Yesterday, the Los Angeles Times ran an article on Justice Antonin Scalia and how his opinions may represent the majority as the Supreme Court hears cases about race, religion, abortion and campaign finance. Apparently, conservatives are really looking forward to the possibility that the court might restrict abortion, outlaw affirmative action, strike down the separation of church and state, and get rid of limits on campaign finances.

In other words, conservatives are hoping for a bunch of activist judges to legislate from the bench.

Below the second page of the article, there’s a short bit about Senator John McCain appealing to the religious right by saying he wants the court to overturn Roe vs. Wade…but that he doesn’t like judges who legislate from the bench. Sorry, Senator, you’re going to have to pick one or the other.

I liked McCain back in 2000. He seemed to be a moderate Republican with some integrity, and a more interesting person than Al Gore. Over the last year or so, he’s leaned more and more rightward. Either he’s changed his views, or is finally showing his true colors, or he’s sacrificing his integrity for power. In none of those cases would I want him as President.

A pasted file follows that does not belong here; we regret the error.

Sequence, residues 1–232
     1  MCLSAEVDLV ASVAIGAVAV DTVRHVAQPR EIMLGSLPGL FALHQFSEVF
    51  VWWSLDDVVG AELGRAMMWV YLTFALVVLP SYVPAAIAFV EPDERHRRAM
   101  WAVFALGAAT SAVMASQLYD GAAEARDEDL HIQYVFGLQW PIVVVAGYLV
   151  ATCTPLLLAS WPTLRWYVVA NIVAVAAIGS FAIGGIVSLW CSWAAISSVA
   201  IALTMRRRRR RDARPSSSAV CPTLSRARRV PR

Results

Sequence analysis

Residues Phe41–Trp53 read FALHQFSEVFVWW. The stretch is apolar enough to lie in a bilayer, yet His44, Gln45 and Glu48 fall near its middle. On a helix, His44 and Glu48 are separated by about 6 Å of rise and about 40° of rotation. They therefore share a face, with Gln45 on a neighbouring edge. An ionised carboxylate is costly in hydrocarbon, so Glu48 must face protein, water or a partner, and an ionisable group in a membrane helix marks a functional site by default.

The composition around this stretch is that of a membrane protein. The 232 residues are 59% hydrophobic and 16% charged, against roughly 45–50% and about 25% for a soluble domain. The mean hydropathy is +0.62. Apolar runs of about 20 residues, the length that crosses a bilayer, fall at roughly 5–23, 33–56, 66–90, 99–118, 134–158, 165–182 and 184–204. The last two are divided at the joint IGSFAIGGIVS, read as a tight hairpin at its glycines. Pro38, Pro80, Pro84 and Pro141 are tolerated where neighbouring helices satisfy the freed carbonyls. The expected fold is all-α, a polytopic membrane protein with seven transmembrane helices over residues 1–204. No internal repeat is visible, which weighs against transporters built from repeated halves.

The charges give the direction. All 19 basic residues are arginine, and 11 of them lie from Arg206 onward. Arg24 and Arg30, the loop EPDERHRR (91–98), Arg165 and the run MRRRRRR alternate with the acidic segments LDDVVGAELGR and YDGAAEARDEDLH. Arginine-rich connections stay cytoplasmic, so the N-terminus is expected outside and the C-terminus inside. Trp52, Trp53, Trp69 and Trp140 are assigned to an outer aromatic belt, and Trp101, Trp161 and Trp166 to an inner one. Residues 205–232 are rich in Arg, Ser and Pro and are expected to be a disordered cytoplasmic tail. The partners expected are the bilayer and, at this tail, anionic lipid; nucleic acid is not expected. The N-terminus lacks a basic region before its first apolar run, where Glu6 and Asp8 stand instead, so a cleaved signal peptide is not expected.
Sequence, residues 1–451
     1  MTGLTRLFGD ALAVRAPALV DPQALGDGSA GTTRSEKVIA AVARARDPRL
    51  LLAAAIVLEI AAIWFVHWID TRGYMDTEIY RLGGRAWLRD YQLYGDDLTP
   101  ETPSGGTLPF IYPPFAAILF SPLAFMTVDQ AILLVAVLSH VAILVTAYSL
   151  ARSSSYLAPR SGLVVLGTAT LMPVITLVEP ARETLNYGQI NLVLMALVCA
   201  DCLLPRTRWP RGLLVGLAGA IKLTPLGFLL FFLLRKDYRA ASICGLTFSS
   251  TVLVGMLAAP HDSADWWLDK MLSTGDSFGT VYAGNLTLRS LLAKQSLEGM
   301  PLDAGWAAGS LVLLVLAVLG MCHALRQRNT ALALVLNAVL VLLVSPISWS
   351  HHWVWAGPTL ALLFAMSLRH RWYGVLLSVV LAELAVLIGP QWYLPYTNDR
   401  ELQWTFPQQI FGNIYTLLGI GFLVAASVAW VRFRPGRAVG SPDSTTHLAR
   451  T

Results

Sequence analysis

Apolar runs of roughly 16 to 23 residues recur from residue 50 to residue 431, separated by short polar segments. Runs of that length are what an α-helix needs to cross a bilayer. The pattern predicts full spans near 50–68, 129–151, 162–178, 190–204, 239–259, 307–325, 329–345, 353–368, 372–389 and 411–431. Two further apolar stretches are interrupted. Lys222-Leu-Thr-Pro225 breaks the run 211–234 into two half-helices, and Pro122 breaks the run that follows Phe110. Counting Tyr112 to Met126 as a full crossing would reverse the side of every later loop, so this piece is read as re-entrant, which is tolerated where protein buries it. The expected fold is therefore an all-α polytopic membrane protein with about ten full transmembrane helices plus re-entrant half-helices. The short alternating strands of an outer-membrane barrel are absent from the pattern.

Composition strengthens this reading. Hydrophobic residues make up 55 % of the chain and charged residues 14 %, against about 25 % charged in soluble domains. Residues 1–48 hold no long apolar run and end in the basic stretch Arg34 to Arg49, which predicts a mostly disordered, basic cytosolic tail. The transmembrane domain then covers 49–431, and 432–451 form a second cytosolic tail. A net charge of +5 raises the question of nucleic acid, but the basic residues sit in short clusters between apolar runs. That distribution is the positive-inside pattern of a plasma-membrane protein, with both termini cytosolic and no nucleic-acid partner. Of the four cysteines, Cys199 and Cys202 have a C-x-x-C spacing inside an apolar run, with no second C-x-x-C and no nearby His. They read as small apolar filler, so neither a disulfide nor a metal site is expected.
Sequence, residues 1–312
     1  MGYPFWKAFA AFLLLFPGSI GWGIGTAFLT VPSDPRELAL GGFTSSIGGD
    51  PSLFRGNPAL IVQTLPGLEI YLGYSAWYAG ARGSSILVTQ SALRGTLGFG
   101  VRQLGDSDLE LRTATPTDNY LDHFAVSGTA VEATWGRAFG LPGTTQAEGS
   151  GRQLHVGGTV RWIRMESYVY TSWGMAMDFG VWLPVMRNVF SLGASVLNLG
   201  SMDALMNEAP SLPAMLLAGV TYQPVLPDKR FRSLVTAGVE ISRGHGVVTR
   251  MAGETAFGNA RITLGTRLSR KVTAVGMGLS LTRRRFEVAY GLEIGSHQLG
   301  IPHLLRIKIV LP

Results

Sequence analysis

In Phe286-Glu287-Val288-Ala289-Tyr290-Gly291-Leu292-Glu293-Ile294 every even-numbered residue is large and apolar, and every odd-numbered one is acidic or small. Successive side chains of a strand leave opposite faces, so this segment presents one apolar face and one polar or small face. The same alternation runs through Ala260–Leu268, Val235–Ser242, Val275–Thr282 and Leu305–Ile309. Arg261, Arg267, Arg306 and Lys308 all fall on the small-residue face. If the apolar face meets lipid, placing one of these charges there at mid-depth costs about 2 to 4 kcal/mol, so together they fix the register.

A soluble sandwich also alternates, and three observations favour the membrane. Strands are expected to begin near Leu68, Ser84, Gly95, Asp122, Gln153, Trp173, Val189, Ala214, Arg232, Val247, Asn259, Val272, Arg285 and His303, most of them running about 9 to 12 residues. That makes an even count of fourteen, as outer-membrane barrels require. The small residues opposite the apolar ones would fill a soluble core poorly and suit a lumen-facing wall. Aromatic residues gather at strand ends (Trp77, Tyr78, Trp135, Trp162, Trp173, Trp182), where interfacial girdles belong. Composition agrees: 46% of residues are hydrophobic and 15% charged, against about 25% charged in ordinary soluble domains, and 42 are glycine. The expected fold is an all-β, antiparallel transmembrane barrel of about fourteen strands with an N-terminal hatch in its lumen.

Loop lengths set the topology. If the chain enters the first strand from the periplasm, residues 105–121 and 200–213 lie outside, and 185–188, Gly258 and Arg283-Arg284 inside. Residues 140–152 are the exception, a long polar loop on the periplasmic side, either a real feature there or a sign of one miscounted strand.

6 thoughts on “I love the smell of hypocrisy in the morning

  1. I think he learned a hard lesson last time out by being usurped by GWB. If he’s willing to change his entire stance, though, how different is he from the man he once despised?

  2. Yeah, McCain has been a very large disappointment to me. What profiteth it a man if he win the GOP nomination and shill off his soul?

    As to activist judges — by definition, it’s a judge who overturns laws or precedent you like. Railing against them in principle is guaranteed to lead to hypocrisy.

  3. Ah, yes, the “It’s only bad if I don’t like the result” principle. Right up there with “Freedom of speech only applies to speech I agree with.”—something else that’s far too prevalent these days.

  4. The best part is the religious right hates McCain.

    A while ago, Jon Stewart got McCain on the Daily Show. McCain had just committed to speaking at Jerry Falwell’s Liberty University, after having consistently attacked Falwell’s politics in the past. On the subject of that speaking engagement, Stewart asked McCain, “Are you going to crazy base land?” and McCain replied, “I’m afraid I am.”

  5. I couldn’t agree more. I too thought highly of McCain back in 2000 but it seems sometime after his finance reform attempt he rolled over. It was as if someone took him out to the shed, spanked him silly, and then sent him back into the house with the company. Today, I don’t know what to think. Here’s hoping the debates get real and we can actually make an informed choice.

    Great post!

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